Balloon- A decade ago, Bertrand Piccard and Brian Jones circumnavigated the world in their Roziere balloon. It took them 19 days, 21 hours and 47 minutes in the air before they landed in the Egyptian dessert, successfully completing the first circumnavigation of the earth in a balloon. They landed with just 40kg left of the 3.7 tons of fuel they left the Swiss Alps with, showing just how close they came to running out. They achieved what aeronautic experts said would be impossible- after 21 attempts had been made to pilot a balloon around the world without touching down, Bertrand and Brian finally made it, breaking 7 world records. Steve Fossett, who had attempted and failed to circumnavigate the world by balloon 5 times previously, showed that perseverance pays off when he finally became the first person to circumnavigate the world by balloon completely on his own in 2002.
Human Powered- Expedition 360 was the first true circumnavigation of the world by human power, reaching antipodal points on the surface of the globe without the use of motors or engines. It involved many modes of transport including bicycles, in-line skates, swimming, kayaks, rowing and a pedal powered boat. Englishman Jason Lewis travelled over 45,000 miles across 5 continents, two oceans and one sea. It took him a long 13 years before he finally arrived back in Greenwhich. During the trip he was knocked down whilst in-line skating across America and broke both his legs, spent six weeks in recovery and nine months in hospital before he carried on with his journey. If that’s not commitment I don’t know what is.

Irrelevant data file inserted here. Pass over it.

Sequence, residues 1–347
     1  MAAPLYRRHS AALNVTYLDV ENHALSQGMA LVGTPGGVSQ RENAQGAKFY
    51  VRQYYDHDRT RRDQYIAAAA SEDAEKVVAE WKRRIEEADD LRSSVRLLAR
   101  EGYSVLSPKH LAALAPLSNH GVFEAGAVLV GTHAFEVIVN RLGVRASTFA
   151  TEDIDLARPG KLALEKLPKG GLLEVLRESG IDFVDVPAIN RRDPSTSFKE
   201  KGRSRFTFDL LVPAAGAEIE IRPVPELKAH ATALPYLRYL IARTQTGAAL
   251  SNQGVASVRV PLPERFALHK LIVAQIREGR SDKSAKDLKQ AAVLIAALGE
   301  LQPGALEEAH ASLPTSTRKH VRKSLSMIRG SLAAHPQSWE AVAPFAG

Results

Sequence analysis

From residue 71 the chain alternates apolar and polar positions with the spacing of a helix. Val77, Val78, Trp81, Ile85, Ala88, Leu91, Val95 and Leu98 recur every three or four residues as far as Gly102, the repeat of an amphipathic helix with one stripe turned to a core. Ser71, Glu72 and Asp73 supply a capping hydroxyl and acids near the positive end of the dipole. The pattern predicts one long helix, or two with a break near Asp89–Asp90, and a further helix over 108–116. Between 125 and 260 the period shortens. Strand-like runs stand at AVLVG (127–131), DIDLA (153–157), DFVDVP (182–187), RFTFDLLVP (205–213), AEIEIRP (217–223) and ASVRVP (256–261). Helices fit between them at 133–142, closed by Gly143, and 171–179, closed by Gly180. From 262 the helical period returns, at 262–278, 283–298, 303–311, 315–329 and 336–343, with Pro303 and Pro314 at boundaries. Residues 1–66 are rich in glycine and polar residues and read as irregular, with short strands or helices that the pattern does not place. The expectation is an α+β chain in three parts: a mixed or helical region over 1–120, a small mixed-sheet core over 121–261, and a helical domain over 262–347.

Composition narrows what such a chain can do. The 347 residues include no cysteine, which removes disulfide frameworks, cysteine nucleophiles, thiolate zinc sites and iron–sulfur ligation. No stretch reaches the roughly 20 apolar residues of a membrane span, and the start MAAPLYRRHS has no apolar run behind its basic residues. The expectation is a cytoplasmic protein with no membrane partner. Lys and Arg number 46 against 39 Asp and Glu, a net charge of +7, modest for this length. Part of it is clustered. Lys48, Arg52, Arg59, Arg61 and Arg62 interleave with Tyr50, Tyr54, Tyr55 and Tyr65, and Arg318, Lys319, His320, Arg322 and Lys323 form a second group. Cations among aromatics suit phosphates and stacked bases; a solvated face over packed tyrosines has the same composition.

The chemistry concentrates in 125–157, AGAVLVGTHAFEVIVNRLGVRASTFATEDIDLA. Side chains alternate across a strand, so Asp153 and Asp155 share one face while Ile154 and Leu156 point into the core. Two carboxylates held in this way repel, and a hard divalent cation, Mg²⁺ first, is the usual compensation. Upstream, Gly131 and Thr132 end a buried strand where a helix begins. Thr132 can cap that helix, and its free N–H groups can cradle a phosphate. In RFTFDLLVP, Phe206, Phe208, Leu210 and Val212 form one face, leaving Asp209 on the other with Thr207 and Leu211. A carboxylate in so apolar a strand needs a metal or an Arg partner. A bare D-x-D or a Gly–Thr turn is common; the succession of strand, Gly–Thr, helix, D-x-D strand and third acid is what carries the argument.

Bicycle- Mark Beaumant broke the record for cycling round the world in 2007/8 after cycling for 194 days and 17 hours, breaking the previous record by 81 days. He arrived back at the Arc de Triomphe in Paris after travelling 18,296 miles through 20 countries. The ride was filmed for a BBC TV series and he held the record for the last two years until Vin Cox took the Guinness World Record in August 2010. The champion cyclist travelled 18,225 miles through 17 countries in 163 days, 6 hours and 58 minutes.